The bathroom, once designed with only function in mind, is now elevated to the level of a sanctuary. Sinks, hardware, antique cabinets, showers with body sprays, jet-flush toilets, and claw-footed tubs are commonplace. And new water heating methods and water conservation techniques add to the design elements. Laundry rooms have also grown up. In this section, we’ll look at what’s available and tell you what you need to know to make the right decisions.


Good planning will result in a well-designed bathroom. You start by answering these questions:


If more than one person is going to be using the bathroom, how much privacy do you need? If you don’t mind co-mingling, you can design vanities together, but if you like your privacy, design the vanities out of each other’s line of sight. The privacy issue should also direct the desicions about an open or closed shower, a central bath or one that is more hidden and exposed or closeted toilets.


You need a combination of natural light, task lighting, and decorative lighting in your bathroom. Locate task lighting where you’ll need it most and design windows so that you have a view when bathing, that also allow you to maintain your privacy.


When choosing materials for flooring, cabinets, counters and walls, don’t just think about style; also consider how easily they are cleaned and maintained as well as how they will perform in a wet, humid environment.


You may not intend to live out your golden years in the home you’re designing now, but the potential buyers you’re showing to may be looking for just that. There are two ways to approach the question of accessibility. First, design the bathrooms to accomodate wheelchairs, lower at least one sink and select toilets that are taller. Install hand rails in the shower and tub and don’t select a free-standing tub. Also, choose door hardware and lavatory faucets that are easy to use handles, not knobs. If you don’t add these things now, make sure that at least one bathroom in your home can be easily transformed.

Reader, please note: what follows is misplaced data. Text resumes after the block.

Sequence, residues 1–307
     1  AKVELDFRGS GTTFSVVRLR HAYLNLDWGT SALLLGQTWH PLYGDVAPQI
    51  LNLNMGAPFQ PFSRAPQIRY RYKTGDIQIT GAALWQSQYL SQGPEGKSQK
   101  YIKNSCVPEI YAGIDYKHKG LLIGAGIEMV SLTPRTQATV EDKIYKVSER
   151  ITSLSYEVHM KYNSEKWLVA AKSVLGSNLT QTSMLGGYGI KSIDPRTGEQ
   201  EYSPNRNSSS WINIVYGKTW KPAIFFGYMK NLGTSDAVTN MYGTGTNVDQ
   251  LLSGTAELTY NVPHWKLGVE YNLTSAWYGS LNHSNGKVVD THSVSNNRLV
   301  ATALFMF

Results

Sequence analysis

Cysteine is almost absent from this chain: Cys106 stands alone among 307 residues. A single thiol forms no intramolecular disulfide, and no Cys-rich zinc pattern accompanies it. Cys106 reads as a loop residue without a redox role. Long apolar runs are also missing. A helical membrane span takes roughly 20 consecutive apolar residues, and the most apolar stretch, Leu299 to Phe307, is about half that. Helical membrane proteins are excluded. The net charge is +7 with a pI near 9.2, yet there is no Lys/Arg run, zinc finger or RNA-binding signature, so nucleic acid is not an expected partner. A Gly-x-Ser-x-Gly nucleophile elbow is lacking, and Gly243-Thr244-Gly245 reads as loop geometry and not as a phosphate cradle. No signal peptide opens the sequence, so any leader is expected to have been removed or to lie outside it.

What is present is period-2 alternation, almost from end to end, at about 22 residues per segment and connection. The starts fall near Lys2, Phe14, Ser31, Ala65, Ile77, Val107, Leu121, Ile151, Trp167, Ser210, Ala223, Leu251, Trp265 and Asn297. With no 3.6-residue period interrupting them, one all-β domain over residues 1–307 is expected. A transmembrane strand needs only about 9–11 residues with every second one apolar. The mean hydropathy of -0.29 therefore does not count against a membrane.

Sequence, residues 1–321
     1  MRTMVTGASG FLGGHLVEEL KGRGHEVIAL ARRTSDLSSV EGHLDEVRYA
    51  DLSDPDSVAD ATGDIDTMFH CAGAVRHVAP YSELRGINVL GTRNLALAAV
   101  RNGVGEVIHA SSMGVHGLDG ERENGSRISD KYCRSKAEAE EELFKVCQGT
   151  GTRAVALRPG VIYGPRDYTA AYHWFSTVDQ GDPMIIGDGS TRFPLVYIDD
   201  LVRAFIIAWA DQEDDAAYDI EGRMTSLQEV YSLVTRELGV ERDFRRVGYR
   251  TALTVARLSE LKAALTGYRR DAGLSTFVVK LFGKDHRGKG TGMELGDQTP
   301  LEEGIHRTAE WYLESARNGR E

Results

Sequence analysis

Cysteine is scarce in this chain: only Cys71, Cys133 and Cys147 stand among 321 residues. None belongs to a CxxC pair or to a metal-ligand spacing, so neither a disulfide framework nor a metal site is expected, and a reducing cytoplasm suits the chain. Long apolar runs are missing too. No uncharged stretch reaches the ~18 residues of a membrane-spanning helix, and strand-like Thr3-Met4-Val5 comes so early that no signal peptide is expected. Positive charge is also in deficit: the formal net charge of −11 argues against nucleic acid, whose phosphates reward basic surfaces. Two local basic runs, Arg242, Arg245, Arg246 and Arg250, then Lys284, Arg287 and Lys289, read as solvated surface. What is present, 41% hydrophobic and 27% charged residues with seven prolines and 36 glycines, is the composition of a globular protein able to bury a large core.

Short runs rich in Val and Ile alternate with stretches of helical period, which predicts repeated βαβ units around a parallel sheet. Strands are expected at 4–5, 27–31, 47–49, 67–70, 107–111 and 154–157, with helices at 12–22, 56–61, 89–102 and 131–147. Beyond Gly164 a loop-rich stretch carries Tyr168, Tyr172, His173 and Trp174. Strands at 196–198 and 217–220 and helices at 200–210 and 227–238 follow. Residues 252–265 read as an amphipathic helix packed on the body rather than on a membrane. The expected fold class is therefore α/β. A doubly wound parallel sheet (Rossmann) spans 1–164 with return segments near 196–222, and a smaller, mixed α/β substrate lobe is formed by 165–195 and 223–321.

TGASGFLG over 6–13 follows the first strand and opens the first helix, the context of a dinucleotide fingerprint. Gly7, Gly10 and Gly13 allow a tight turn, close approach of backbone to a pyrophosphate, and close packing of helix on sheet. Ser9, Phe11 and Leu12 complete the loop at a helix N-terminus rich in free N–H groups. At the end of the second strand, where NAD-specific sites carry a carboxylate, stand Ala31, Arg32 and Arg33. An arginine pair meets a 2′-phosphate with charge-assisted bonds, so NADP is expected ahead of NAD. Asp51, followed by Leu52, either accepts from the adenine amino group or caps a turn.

Take an inventory of all the things you want to store in your bathroom. When you’re choosing the towels and bathrobes, make sure you also have a place to put them. Also, if you’re planning on converting an antique furniture piece for your vanity, make sure that it has storage capability, or design a larger closet to make up for it.

A good cabinetry designer will suggest specialized drawers that are thin and deep for smaller items, or flip out drawers for toothbrushes and toothpaste. Discuss the function of all the drawers and cabinets with your designer and bring a list of the items and quantities that you’re going to be housing in your bathroom.


In addition to being stylish, all your fixtures – the toilet, shower, sink and tub – should function well. This means sinks that are large enough, lavatories that are positioned correctly, toilets that use as little water as possible, tubs that are comfortable and shower heads that won’t drain your hot water tank in 10 minutes. Don’t just choose items based on the way they look. Some lesser quality fixtures look just like their better-built counterparts – and they cost less. Make sure that either you or your designer looks at the quality of the materials IN the fixture before making final selections.

Hot Water Heating

Storage tank systems are being replaced by tankless hot water systems. These place the heating units where the hot water is needed and heats the water instantly so you never have hot water sitting in a tank requiring energy 24/7 to provide you with hot water on demand. It is important in designing these “on-demand” or “in-line” systems to meet the capacity of your family’s needs. If you don’t work out these details with your supplier in advance, you could either have a system that is too small – leaving you with tepid water – or too large – causing you to invest more than you needed.

Relation to adjoining rooms

If you’re an early bird and your husband is a night owl, you want to design your bathroom so that you won’t be waking each other up every time you take a shower. Special techniques for soundproofing pipe noise can be applied during installation but you need to make it clear that this additional effort is important to you.

Position powder rooms conveniently so that guests can find them easily and feel comfortable using them. If your kids have a jack and jill bathroom, design it so that they both have private vanities and toilets and only share the shower and bathtub.


If you can design the floorplan to concentrate most of the plumbing in the house in one area, you’ll save money not only in plumbing installation, but also in efficiency.